ETHS 334

American Indian Spirituality

4 Undergraduate credits
Effective August 26, 2006 – Present

Graduation requirements this course fulfills

American Indians have a wonderfully rich tradition of wisdom and spirituality. This course looks at the spirituality of at least two nations of American Indians from a variety of perspectives including historical, sociological, anthropological and political. Students have the option to explore other American Indian nations if desired. Some community research is expected. Significant focus is given to issues of race and racism.

Special information

Overlap: RELS 322 American Indian Spirituality.

Learning outcomes

General

  • Describe the diversity within the many Indigenous spiritual traditions in the Americas.
  • Analyze and challenge the exploitation of Indigenous spiritual practices.
  • Express the many ways Indigenous spiritualities face a variety of external and internal community impacts.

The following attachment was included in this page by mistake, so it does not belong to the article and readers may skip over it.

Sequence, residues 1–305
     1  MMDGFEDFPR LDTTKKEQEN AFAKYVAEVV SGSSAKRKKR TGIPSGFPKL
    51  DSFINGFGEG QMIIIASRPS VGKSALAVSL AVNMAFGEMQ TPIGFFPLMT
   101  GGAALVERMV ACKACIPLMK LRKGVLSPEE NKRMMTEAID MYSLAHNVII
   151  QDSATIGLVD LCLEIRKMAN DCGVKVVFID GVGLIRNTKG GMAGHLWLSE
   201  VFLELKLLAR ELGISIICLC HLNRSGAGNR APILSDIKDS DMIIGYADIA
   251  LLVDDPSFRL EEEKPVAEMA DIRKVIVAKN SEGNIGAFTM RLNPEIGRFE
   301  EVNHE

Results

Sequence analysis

• Understand key concepts and ideas in the American Indians' spirituality and worldview.

Minnesota Transfer Curriculum

Goal 7: Human Diversity

  • Understand the development of and the changing meanings of group identities in the United States' history and culture.
  • Demonstrate an awareness of the individual and institutional dynamics of unequal power relations between groups in contemporary society.
  • Analyze their own attitudes, behaviors, concepts and beliefs regarding diversity, racism, and bigotry.
  • Describe and discuss the experience and contributions (political, social, economic, etc.) of the many groups that shape American society and culture, in particular those groups that have suffered discrimination and exclusion.
  • Demonstrate communication skills necessary for living and working effectively in a society with great population diversity.